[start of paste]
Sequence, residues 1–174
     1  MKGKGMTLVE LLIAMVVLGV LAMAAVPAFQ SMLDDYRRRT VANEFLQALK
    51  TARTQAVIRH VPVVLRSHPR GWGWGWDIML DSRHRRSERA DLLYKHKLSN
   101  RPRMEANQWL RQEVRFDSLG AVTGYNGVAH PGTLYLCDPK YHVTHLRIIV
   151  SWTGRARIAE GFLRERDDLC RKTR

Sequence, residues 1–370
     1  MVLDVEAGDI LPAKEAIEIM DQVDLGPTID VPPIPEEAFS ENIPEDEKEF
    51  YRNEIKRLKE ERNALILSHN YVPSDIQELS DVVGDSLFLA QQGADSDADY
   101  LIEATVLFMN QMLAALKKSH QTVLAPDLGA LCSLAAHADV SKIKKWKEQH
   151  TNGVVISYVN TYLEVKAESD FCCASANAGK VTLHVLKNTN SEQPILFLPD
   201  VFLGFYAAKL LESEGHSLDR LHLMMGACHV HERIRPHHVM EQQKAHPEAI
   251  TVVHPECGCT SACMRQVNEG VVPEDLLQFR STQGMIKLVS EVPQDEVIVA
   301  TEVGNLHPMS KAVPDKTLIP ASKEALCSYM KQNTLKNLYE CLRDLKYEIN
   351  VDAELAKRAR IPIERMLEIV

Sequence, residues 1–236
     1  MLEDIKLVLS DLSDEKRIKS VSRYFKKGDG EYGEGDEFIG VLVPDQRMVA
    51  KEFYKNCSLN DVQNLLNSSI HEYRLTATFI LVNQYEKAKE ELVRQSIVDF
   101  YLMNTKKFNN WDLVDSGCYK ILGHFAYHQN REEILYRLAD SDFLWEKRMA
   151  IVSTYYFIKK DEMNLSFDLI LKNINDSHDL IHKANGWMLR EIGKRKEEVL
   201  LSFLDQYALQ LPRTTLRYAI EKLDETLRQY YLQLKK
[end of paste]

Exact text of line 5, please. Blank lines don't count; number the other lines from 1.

   151  SWTGRARIAE GFLRERDDLC RKTR